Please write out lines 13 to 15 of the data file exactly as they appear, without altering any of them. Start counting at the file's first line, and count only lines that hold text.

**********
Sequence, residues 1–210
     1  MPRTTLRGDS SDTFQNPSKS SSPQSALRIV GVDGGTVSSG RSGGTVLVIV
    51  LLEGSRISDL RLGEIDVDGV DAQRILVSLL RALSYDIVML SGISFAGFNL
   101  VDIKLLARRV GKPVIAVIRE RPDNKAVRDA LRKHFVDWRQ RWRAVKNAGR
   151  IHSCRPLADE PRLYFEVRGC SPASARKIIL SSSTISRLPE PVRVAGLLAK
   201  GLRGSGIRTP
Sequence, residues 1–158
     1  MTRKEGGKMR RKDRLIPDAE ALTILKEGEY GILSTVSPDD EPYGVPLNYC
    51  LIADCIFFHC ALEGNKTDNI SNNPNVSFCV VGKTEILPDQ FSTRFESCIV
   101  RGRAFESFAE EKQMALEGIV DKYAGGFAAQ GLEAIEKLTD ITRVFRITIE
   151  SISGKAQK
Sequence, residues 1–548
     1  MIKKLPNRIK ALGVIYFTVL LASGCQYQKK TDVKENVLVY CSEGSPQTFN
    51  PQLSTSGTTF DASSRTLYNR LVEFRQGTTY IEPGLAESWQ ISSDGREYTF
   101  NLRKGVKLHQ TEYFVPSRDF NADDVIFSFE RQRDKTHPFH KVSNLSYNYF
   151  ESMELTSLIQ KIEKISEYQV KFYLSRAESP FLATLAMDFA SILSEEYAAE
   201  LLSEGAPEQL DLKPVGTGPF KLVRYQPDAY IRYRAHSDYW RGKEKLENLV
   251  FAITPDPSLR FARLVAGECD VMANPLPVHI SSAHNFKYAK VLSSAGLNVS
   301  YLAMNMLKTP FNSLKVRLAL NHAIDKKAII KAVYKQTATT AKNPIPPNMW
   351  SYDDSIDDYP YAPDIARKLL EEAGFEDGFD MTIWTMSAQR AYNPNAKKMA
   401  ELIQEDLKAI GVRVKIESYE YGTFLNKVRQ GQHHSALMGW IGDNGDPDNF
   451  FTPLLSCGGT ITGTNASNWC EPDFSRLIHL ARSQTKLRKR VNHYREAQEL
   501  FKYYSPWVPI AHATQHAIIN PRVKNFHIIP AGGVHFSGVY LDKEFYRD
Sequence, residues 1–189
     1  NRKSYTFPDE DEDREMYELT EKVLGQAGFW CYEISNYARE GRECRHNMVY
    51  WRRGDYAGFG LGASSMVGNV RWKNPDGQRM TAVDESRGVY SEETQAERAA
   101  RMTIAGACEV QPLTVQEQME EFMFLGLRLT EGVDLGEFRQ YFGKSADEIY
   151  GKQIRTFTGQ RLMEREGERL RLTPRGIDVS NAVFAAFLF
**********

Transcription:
     1  MIKKLPNRIK ALGVIYFTVL LASGCQYQKK TDVKENVLVY CSEGSPQTFN
    51  PQLSTSGTTF DASSRTLYNR LVEFRQGTTY IEPGLAESWQ ISSDGREYTF
   101  NLRKGVKLHQ TEYFVPSRDF NADDVIFSFE RQRDKTHPFH KVSNLSYNYF